Brazil is leveraging the decentralized nature of the blockchain technology to fight corruption on public expenses.
On May 30, Brazil’s new government blockchain network went live thanks to a cooperation agreement between the Court of Accounts of Uniam (TCU) and the Brazilian Development Bank (BNDES).
The launch event was live-streamed on the official YouTube channel of the Court of Accounts of Uniam (TCU). The event’s focus was to discuss the technical aspects of the project based on the experiences of several guests (public officials, company executives, and representatives of university institutions).
The Brazilian Blockchain Network (RBB) is still under development, but will initially be used in several public institutions, aiming to improve the services offered to citizens and provide greater traceability on public expenditures.
This is just part of the country’s broadest efforts to integrate blockchain technology into the public administration for a more eficcient and transparent workflow. This goes beyond simpiy regulating crypto from a financial point of view —which also happens to be the focus of many legislators in the country.
Brazil is betting on the blockchain to fight corruption or improve public institutions
The incorruptible nature of blockchain technology is a double-edged sword for many officials and politicians, as it makes it easier to immediately expose any type of corruption, embezzlement, or illegal activities, which TCU wants to prevent.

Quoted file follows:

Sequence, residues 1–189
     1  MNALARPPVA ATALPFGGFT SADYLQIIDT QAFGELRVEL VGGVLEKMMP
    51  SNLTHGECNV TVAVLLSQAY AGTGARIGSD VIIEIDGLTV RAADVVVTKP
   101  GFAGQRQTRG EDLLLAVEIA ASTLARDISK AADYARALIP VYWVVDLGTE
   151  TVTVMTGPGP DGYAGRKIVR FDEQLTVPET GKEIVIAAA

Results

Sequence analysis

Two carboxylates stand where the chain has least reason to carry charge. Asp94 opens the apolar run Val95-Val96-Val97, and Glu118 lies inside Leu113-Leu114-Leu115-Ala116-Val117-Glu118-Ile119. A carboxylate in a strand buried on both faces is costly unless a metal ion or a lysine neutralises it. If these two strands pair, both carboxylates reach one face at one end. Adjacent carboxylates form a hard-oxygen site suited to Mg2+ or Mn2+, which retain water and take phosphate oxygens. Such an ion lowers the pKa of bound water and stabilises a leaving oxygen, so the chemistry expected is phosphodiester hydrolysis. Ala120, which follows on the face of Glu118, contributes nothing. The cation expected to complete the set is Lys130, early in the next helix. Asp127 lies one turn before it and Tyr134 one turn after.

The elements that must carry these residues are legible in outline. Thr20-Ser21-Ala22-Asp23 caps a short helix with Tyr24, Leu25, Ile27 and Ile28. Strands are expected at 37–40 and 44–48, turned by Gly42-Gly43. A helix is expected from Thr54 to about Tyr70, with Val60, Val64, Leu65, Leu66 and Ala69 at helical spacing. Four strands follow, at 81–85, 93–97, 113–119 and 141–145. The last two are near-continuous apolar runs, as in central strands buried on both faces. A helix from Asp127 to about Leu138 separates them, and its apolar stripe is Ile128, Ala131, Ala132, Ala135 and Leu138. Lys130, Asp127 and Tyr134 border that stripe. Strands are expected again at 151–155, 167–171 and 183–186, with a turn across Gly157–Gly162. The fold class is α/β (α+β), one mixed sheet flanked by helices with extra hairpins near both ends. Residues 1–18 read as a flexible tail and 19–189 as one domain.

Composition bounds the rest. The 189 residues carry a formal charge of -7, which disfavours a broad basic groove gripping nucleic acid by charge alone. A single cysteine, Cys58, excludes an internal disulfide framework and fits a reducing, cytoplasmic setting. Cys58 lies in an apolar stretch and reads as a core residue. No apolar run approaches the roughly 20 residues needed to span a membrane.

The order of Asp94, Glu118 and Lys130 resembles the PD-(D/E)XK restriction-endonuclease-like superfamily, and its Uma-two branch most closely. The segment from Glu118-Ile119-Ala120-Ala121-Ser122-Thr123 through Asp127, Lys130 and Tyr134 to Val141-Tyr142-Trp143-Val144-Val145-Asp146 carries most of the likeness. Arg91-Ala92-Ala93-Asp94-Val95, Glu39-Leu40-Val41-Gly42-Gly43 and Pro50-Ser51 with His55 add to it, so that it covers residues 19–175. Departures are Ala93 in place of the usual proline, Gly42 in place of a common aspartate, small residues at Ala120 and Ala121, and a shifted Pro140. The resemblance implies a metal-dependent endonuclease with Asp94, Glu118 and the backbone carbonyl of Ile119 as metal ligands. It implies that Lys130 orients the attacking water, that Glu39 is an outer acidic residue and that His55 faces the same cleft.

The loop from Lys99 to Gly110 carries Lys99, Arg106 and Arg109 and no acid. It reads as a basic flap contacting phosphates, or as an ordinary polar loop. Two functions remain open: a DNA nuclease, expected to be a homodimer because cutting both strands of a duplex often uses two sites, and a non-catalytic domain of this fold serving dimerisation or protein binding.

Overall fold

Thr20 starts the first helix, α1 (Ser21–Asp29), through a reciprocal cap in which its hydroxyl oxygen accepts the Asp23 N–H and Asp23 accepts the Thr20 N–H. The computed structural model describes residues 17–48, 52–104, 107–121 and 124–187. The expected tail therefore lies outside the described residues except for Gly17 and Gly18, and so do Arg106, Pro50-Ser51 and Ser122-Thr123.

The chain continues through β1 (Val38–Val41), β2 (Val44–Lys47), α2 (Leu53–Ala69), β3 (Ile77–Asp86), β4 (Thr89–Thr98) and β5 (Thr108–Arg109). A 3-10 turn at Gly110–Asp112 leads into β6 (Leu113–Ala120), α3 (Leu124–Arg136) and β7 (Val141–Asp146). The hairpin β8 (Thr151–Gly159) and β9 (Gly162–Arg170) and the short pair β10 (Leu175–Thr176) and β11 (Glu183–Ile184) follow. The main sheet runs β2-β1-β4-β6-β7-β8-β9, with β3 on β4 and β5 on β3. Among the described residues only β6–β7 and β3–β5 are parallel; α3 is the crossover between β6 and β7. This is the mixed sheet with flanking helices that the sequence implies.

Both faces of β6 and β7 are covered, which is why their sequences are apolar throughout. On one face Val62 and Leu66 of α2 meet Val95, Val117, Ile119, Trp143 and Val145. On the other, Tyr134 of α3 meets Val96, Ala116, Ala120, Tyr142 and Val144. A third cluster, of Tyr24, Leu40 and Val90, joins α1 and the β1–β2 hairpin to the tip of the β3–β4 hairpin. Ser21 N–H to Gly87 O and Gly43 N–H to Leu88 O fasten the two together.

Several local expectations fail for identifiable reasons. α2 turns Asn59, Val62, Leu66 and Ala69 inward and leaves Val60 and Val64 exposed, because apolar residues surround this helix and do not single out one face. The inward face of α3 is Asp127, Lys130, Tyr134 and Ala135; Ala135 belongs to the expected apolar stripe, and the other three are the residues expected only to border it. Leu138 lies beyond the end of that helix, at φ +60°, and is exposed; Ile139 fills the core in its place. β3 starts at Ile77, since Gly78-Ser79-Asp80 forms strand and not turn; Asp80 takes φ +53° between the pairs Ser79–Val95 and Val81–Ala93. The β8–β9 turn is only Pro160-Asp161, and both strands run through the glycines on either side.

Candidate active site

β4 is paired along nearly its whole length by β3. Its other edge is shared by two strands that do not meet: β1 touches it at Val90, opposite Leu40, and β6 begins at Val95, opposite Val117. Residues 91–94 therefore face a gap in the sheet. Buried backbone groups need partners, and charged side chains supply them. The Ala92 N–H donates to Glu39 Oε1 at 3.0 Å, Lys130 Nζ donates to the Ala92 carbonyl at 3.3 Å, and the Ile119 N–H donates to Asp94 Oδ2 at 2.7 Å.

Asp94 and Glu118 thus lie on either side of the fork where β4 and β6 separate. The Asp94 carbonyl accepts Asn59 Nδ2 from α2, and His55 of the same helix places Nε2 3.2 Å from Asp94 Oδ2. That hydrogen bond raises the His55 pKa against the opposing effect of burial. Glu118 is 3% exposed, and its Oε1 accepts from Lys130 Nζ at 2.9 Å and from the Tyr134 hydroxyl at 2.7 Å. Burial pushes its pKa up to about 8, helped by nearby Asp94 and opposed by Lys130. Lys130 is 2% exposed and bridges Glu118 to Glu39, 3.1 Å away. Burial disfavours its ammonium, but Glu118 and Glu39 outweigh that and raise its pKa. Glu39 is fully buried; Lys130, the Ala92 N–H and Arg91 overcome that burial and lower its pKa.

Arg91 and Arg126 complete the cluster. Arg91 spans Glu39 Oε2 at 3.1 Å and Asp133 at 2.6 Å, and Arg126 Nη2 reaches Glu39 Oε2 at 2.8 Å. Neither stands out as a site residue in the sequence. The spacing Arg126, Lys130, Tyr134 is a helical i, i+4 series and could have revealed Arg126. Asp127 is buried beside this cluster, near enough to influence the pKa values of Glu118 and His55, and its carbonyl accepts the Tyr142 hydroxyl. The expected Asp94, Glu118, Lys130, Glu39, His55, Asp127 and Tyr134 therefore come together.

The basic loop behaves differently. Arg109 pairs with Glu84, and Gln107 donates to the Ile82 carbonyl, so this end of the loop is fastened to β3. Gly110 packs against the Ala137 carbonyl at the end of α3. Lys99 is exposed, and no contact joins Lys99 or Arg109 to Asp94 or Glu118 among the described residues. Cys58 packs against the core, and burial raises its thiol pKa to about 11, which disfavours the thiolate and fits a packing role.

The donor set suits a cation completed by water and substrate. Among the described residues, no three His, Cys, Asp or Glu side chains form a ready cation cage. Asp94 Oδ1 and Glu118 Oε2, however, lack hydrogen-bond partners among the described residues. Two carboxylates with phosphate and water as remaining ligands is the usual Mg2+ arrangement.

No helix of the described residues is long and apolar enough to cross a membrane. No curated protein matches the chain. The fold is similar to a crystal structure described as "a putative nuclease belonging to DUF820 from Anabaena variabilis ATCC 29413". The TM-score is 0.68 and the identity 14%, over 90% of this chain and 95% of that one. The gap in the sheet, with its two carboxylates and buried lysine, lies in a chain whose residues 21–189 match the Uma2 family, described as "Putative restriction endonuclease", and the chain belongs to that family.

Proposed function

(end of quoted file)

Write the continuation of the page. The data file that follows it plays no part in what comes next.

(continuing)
Ana Arraes, president of Uniam’s TCU said that the idea of using blockchain technology came up during the second half of 2019. In addition, she explained that this topic had been very relevant within the Government discussions, due to the advantages it offers when auditing the data provided for public spending.
“The use of Blockchain technology becomes widely discussed because it allows greater protection, transparency and integrity in the storage of information in public databases in order to allow auditability of the data placed.”
João Alexandre Lopes, manager of the Information Technology Area of BNDES, said that as soon as the project is formalized, they will open their doors so that all “partners can enjoy this common infrastructure”, to mutually benefit from blockchain technology, in addition, to share such “benefits for the public interest.”
Blockchain is used in several countries to improve public institutions
In Latin America, the use of blockchain technology within public institutions has been proposed repeatedly and has already been implemented in countries such as Colombia, Perú and Argentina, where citizens can audit some state activities.
At the end of 2021, Colombia announced the development of a pilot project with blockchain technology to fight corruption that lasted approximately 3 months. However, the MINTIC has not published official information on the progress or current status of the project.
Also, Peru is using blockchain technology as part of a project to improve traceability on public contracts. Peru joined LACChain to form a blockchain network focused on serving as a testing ground for the development of digital identity (ID) models and traceability solutions on which to rely. The companies will then create applications with blockchain technology to help them become more efficient or solve problems in their environment. This happened back in 2019, when the country wasn’t showing much interest in launching a CBDC.